People place too much importance on one aspect of an event and fail to recognize other factors.
To combat this effect, it is important to remember to keep perspective, look at problems from many angles, and weigh several factors before making a decision.
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Greater expectations drive greater performance.
The crux of this psychological phenomenon is the concept of a self-fulfilling prophecy: If you believe something is true of yourself, eventually it will be.
Your mistakes are not noticed as much as you think.
People aren’t paying attention at our moments of failure nearly as much as we think. The perception of our being under constant scrutiny is merely in our minds.
Your likability will increase if you aren’t perfect.
Those who never make mistakes are perceived as less likable than those who commit the occasional faux pas. Messing up draws people closer to you, makes you more human. Perfection creates distance and an unattractive air of invincibility.
The more choices we have, the less likely we are to be content with our decision.
Even if our ultimate decision is clearly correct, when faced with many choices, we are less likely to be happy with what we choose. Because a wealth of choices makes finding contentment that much harder.
The more people who see someone in need, the less likely that person is to receive help.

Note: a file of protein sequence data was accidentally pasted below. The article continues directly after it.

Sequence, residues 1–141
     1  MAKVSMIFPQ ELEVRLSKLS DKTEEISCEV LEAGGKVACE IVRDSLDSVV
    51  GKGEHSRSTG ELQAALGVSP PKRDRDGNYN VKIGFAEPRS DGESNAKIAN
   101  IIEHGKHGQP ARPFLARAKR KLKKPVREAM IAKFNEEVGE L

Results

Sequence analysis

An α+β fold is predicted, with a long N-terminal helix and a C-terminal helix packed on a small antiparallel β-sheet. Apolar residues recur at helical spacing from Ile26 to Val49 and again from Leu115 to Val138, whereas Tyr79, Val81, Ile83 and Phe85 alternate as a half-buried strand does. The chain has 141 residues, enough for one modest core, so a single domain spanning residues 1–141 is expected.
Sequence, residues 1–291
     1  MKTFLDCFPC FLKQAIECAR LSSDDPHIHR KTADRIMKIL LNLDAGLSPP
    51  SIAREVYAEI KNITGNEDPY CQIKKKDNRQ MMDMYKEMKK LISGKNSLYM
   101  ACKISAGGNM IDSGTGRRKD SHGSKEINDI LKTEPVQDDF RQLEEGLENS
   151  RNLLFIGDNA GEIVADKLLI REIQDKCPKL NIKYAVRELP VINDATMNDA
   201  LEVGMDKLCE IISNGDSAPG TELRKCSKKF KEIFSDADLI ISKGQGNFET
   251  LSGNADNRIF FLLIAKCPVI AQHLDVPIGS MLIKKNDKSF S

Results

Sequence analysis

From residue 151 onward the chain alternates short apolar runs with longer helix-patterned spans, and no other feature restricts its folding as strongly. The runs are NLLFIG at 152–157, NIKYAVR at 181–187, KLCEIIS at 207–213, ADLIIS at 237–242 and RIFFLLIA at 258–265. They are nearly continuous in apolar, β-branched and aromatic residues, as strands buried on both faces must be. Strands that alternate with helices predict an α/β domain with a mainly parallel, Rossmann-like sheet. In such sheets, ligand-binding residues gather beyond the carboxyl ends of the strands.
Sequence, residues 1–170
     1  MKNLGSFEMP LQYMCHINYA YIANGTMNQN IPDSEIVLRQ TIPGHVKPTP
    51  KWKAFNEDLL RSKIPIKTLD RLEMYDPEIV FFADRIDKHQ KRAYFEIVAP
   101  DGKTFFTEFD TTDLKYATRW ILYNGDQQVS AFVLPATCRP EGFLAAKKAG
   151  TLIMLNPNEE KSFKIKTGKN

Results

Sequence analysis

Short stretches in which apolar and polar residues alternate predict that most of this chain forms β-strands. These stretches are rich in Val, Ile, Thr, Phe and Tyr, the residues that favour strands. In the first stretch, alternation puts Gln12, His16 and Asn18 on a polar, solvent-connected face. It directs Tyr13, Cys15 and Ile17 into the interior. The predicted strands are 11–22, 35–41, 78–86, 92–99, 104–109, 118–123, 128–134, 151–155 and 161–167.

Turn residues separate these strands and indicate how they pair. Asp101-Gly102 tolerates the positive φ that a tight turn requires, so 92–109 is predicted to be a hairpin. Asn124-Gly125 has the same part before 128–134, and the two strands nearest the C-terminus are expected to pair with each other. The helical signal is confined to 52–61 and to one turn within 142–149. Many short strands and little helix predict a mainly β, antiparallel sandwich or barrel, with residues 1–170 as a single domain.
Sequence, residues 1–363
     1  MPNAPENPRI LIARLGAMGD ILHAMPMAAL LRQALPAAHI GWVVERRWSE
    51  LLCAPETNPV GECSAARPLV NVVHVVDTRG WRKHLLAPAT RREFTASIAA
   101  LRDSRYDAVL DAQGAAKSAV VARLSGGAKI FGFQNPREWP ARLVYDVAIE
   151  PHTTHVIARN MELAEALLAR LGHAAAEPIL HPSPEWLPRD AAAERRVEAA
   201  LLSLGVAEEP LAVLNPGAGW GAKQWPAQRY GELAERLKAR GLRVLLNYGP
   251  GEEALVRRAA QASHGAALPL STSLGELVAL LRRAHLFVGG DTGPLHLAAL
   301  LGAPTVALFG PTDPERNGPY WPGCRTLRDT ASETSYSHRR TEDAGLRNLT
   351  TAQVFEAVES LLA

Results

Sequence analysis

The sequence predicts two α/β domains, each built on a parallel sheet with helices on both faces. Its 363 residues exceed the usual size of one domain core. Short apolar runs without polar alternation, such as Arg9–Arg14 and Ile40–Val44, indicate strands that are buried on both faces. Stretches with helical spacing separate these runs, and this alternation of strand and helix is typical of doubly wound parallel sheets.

Researchers call it a “confusion of responsibility,” where individuals feel less responsibility for the outcome of an event when others are around. In fact, the probability of help is inversely related to the number of people present.
How many people do you think it would take to survey, on an average, to find two people who share the same birthday?
Well, with the help of probability, sometimes an event is 'more likely to occur' than we believe it to. In this case, If you survey a random group of just 23 people there is actually about a 50–50 chance that two of them will have the same birthday. This is known as the birthday paradox. Don't believe it's true? You can test it and see mathematical probability in action!
When a person experiences something negative, they will blame the circumstances. When something negative happens to another person, they will blame the individual for their behaviors.
For example, when a doctor tells someone their cholesterol levels are too high, the patient might blame environmental influences. When they hear of someone else with high cholesterol levels, they think it is because of a poor diet or lack of exercise.
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